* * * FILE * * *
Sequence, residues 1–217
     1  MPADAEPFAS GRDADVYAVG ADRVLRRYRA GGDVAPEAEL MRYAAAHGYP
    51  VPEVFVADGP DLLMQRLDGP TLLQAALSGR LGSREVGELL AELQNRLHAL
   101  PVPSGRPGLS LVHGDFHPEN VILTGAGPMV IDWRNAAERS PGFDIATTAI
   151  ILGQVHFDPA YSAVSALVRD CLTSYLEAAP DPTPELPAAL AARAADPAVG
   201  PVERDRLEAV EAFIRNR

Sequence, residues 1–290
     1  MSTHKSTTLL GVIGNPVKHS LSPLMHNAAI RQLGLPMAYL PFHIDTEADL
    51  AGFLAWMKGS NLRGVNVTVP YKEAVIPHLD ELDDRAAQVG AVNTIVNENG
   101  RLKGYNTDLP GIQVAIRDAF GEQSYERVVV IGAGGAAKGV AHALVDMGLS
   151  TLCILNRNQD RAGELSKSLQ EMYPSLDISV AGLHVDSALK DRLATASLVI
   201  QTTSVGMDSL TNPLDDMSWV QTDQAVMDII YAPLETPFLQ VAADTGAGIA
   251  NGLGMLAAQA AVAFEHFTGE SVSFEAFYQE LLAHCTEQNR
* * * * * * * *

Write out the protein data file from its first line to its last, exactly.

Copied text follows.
Sequence, residues 1–217
     1  MPADAEPFAS GRDADVYAVG ADRVLRRYRA GGDVAPEAEL MRYAAAHGYP
    51  VPEVFVADGP DLLMQRLDGP TLLQAALSGR LGSREVGELL AELQNRLHAL
   101  PVPSGRPGLS LVHGDFHPEN VILTGAGPMV IDWRNAAERS PGFDIATTAI
   151  ILGQVHFDPA YSAVSALVRD CLTSYLEAAP DPTPELPAAL AARAADPAVG
   201  PVERDRLEAV EAFIRNR

Sequence, residues 1–290
     1  MSTHKSTTLL GVIGNPVKHS LSPLMHNAAI RQLGLPMAYL PFHIDTEADL
    51  AGFLAWMKGS NLRGVNVTVP YKEAVIPHLD ELDDRAAQVG AVNTIVNENG
   101  RLKGYNTDLP GIQVAIRDAF GEQSYERVVV IGAGGAAKGV AHALVDMGLS
   151  TLCILNRNQD RAGELSKSLQ EMYPSLDISV AGLHVDSALK DRLATASLVI
   201  QTTSVGMDSL TNPLDDMSWV QTDQAVMDII YAPLETPFLQ VAADTGAGIA
   251  NGLGMLAAQA AVAFEHFTGE SVSFEAFYQE LLAHCTEQNR